Allegheny Mountain Radio
At the December 20 County Commission Meeting, when the time came to discuss Commissioner John Rebinski’s proposal to fund a county paid EMS Service from Hotel/Motel Tax revenue – the commission had to adjourn the meeting from their office and reconvene it a few minutes later in the courtroom. The move was necessary to accommodate the large crowd that was in attendance.
Rebinski proposal is to help fund EMS Service by cutting back on some of the money other organizations receive from the tax.
People representing both sides of this issue filled the courtroom. The attendees were composed of volunteer EMS members and supporters as well as representatives and supporters of organizations which could lose revenue if Hotel/Motel Tax monies were to be diverted to EMS services.
“To begin with, there have been a lot of things going around and being said to the wrong people, and they have been targeted,” Rebinski said. “I want to let you know if anybody has any disapproval or approval or is mad at anybody, be mad at me, not some of the people that have been targeted who have been falsely blamed and accused. Put it this way, I am standing right here.”
Rebinski explained the purpose of the discussion was to address the EMS Services crisis in the county. He said that, for many years, volunteer EMS providers have served the people of the county and saved the county a lot of money, but there are now very few people willing to undergo the very lengthy and difficult training and schooling necessary to be qualified to provide emergency medical services on the ambulances. He said that many current EMS volunteers are very concerned that there are not enough new volunteers joining up to ensure that an ambulance will always be available 24 hours a day if someone calls 911 needing emergency medical help. Rebinski said with so few qualified EMS volunteers left in the county, those who are, like himself, give up just about everything else in their lives, such as vacations, or just going out of town shopping or doing something personally enjoyable for themselves, lest someone might not receive a timely medical response, or even receive any response when they are suffering an emergency medical crisis.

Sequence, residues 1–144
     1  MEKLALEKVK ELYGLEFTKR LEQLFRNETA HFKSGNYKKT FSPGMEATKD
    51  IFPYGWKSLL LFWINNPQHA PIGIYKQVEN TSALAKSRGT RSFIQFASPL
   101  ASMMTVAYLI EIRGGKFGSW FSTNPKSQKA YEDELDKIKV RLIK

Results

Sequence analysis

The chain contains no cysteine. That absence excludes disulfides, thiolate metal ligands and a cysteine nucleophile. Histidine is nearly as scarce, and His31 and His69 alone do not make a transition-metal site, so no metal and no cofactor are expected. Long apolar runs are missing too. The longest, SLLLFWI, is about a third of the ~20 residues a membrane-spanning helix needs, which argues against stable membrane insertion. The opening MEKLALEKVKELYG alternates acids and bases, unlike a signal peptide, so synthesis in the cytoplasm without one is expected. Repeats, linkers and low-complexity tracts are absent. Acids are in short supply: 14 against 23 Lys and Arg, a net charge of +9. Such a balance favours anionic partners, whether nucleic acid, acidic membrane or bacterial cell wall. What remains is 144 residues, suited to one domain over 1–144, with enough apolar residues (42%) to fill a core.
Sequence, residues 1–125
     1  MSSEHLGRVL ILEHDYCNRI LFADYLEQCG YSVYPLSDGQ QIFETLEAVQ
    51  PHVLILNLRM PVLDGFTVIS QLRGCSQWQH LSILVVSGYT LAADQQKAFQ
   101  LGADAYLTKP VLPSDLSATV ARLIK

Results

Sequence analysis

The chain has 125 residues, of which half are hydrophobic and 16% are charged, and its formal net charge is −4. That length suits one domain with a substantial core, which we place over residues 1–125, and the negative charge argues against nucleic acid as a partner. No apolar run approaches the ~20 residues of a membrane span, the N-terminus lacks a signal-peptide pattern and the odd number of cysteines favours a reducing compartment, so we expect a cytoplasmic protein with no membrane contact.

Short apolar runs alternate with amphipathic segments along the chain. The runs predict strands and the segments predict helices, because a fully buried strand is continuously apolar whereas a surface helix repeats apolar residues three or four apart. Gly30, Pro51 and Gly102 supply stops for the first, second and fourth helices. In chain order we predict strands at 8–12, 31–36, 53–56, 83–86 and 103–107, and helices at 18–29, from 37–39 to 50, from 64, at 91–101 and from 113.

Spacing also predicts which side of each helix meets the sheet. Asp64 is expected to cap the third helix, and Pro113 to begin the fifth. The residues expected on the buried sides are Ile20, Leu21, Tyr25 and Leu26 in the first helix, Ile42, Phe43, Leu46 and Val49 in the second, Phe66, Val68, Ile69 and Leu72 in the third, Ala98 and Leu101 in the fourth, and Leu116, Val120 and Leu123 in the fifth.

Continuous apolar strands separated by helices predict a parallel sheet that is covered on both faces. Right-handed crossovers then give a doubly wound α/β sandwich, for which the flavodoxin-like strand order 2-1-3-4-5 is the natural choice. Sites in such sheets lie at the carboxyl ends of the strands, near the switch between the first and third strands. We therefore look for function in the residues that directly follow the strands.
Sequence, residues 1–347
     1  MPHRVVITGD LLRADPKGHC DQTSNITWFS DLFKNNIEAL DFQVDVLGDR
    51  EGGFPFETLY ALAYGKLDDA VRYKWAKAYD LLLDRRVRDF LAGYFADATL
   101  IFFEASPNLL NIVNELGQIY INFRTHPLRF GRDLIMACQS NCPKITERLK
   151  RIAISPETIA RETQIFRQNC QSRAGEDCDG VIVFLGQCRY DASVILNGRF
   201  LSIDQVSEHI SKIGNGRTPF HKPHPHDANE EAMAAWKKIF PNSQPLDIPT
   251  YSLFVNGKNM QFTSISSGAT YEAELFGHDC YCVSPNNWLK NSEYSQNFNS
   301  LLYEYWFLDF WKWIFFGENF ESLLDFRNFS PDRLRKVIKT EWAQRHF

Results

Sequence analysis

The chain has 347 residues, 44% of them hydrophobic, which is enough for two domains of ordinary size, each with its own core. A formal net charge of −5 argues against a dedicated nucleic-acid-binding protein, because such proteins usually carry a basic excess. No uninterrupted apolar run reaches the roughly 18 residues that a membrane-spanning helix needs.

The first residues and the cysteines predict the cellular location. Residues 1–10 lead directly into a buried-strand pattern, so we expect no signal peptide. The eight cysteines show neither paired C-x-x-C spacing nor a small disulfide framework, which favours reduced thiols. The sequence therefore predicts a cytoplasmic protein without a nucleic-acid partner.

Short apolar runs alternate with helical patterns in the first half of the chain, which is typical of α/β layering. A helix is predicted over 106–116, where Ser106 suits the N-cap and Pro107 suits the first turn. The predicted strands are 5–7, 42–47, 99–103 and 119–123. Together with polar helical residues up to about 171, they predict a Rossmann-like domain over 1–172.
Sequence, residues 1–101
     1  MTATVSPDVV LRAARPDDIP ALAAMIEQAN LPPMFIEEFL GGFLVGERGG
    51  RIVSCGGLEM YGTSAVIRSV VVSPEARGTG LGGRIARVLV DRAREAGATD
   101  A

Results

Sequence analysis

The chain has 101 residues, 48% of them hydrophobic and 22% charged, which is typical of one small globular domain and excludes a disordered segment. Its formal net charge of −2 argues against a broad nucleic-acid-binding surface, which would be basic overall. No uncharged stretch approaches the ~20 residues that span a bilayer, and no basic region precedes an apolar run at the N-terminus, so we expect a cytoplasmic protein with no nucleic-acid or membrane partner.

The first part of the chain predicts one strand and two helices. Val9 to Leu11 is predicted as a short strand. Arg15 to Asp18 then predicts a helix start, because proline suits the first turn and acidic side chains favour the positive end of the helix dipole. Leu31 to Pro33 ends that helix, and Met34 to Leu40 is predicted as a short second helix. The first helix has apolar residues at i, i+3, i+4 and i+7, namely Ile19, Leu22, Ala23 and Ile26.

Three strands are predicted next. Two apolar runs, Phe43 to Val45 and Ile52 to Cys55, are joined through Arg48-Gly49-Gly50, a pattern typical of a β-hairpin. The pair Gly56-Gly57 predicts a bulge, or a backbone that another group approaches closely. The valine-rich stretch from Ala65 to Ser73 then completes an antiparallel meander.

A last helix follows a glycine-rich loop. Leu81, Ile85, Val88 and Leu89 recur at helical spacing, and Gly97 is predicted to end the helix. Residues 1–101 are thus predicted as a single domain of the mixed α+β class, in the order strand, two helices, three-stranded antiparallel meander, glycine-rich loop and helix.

Rebinski said that State Code requires that County Commissions ensure that there is full ambulance coverage in their counties, and so he is making a proposal to divert $170,000 of the discretionary portion of the Hotel/Motel Tax Revenues to hire paid EMS staff, who would be county employees once hired. They would be staffing the day shifts at the volunteer departments in the Northern part of the county, and the program would, as quickly as possible, be expanded to cover the day shifts in the rest of the county. He said the current volunteers would be able to cover the evening and night responses once relieved of the responsibilities of covering the daytime shifts.
When Pocahontas County Clerk Deputy Lisa Workman attempted to show exactly how Rebinski’s Hotel/Motel Tax proposal would work, she was shouted down by one person in the audience. So, we obtained the following information from a spreadsheet provided by the clerk’s office.
It was pointed out that because Hotel/Motel Tax revenue has been much larger than projected over recent years, the organizations who receive a percentage of it have actually received a much larger amount of money over those years than they were budgeted to receive.